After Peshawar school massacre, watch for the gloves to come off

Published December 17, 2014
Volunteers move the coffin of a student from a hospital following an attack by Taliban gunmen on a school in Peshawar on December 16, 2014. — AFP
Volunteers move the coffin of a student from a hospital following an attack by Taliban gunmen on a school in Peshawar on December 16, 2014. — AFP

ISLAMABAD: With the massacre of more than 130 school children by Taliban gunmen, pressure has mounted on politicians and generals to act against the internal threat of terrorism.

“There have been national leaders who been apologetic about the Taliban,” said Sherry Rehman, a former envoy to Washington and prominent opposition politician. “People will have to stop equivocating and come together in the face of national tragedy.”

Outrage over the killing of so many children is likely to seriously erode sympathy for militants in a country where many people have long been suspicious of the US-led “war on terror”.

The devastating attack could spur the army to intensify an offensive it launched this year on havens in mountains along the Afghan border. Army chief Raheel Sharif has already signaled that retaliation would follow.

“The Taliban may be trying to slacken the resolve of the military by suggesting that there could be a tremendous human costs to the military offensive and create public pressure on the military to back off from this offensive,” said Vali Nasr, dean of the Johns Hopkins University School of Advanced International Studies.

“But it may actually ricochet on them,” said Nasr, formerly a State Department adviser on Afghanistan and Pakistan.

Pakistan's Taliban, whose nominal unity has frayed this year with the emergence of competing factions, are distinct from the Afghan Taliban. But the groups are linked, and share the goals of toppling their respective governments and setting up an Islamist state across the region.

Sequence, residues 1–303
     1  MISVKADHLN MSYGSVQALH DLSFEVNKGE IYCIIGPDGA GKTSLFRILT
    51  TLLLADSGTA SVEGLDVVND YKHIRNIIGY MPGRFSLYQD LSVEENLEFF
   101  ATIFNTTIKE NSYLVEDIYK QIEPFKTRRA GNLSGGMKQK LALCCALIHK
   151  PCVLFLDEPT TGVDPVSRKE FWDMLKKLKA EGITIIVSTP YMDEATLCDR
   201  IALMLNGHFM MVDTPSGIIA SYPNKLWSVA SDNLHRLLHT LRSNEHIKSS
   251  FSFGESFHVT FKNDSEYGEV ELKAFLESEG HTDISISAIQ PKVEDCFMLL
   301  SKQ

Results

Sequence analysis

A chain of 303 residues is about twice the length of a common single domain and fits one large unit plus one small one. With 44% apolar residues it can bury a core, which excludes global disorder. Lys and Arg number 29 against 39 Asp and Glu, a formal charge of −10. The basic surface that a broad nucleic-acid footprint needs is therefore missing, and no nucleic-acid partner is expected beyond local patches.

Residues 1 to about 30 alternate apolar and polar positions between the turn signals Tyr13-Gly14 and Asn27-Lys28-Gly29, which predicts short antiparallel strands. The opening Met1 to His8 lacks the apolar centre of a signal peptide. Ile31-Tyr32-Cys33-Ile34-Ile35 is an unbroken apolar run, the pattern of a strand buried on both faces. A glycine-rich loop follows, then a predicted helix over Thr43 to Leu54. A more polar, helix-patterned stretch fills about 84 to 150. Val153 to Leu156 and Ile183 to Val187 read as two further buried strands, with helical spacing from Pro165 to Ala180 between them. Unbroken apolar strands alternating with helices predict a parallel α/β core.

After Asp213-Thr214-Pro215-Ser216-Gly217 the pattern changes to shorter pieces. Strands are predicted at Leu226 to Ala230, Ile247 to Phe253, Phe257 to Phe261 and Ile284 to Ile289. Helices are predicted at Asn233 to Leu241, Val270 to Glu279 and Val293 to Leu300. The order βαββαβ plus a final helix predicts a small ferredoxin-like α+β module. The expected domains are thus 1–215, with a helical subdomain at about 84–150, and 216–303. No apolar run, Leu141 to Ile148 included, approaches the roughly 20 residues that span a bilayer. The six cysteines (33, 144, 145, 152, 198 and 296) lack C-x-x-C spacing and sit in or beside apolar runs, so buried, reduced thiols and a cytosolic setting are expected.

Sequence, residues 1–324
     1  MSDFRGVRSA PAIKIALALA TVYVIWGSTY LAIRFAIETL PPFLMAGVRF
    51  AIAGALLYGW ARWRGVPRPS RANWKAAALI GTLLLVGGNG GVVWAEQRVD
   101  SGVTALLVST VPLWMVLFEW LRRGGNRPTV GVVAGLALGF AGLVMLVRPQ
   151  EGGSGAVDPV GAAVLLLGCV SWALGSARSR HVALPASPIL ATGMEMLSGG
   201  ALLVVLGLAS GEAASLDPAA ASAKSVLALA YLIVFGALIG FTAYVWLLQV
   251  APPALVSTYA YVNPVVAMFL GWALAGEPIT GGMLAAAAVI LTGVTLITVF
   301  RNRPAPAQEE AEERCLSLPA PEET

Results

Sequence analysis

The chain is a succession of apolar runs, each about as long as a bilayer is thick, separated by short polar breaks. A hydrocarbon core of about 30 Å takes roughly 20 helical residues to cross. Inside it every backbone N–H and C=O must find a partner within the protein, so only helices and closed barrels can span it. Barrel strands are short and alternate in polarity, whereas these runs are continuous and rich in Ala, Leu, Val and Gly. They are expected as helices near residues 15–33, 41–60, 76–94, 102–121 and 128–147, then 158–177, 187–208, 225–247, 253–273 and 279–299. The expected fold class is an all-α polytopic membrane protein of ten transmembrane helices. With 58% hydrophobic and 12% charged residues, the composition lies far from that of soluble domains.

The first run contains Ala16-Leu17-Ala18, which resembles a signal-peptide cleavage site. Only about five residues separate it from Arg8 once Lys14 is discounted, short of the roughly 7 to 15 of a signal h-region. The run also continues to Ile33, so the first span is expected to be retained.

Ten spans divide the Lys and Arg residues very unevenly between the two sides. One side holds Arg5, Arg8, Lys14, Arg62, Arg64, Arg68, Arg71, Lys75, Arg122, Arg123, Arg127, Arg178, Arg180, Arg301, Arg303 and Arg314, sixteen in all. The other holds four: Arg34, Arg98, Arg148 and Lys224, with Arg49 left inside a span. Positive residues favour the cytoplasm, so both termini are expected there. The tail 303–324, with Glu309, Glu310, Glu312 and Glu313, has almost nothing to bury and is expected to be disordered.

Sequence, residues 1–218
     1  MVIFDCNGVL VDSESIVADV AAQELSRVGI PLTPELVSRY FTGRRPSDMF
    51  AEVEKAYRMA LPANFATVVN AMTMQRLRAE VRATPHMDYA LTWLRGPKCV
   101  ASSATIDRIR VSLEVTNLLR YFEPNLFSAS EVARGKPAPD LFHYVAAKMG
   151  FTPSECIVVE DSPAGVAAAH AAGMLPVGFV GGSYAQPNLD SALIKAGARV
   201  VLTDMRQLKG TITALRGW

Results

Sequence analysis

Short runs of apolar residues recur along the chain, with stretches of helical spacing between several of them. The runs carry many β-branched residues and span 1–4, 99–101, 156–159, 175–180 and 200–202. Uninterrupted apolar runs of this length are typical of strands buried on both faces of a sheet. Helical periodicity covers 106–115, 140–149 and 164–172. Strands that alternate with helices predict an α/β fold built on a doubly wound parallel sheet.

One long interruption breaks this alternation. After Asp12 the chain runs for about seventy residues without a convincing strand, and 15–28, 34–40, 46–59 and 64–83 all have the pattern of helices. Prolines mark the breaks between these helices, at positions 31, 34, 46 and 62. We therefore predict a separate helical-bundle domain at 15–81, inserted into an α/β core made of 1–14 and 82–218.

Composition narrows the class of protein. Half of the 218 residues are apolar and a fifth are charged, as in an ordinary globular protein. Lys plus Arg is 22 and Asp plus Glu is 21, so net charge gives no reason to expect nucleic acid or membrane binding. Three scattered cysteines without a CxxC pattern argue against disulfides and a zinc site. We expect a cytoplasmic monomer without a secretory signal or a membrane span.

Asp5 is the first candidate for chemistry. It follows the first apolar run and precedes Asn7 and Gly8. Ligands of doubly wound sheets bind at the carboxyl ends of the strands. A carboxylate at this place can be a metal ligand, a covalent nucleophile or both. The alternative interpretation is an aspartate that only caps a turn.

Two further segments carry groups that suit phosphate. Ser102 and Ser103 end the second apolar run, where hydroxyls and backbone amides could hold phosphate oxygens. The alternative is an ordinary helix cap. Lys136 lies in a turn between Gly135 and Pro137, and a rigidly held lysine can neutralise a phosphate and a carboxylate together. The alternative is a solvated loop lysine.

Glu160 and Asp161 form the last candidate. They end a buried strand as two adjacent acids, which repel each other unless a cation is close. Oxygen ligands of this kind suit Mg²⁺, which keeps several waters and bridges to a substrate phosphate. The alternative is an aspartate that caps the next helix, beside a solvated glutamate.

Pressure on government

Widening the offensive against the Taliban could include “hot pursuit” by the military across the porous border into Afghanistan, where many Pakistani militants hide. That could put at risk a recent rapprochement between Islamabad and Kabul.

“They have been asking the Afghan government to do something about this for a very long time ... Pakistan may be left with no other option — the brutality of the attack demands a response,” said Saifullah Mehsud, head of the Fata Research Center in Islamabad, referring to the Peshawar carnage.

Despite the risks, public outrage means the army now has a freer hand to go after the Taliban, entrenching its dominance over a government that pursued fruitless peace talks with the militants and offered only half-hearted support for a military offensive.

The civilian government is already on a backfoot, weakened by months of street demonstrations led by opposition leaders calling for the resignation of Prime Minister Nawaz Sharif. Now, it will come under pressure to fall in line with the military.

“Pakistan's political leadership needs to make a clear choice to fight the Taliban decisively, not with half measures,” said Bruce Riedel, a former senior CIA and White House counter-terrorism official, now the Brookings Institution think-tank.

“The burden is on Prime Minister Sharif to show he can unite the country to defend its children,” he said.

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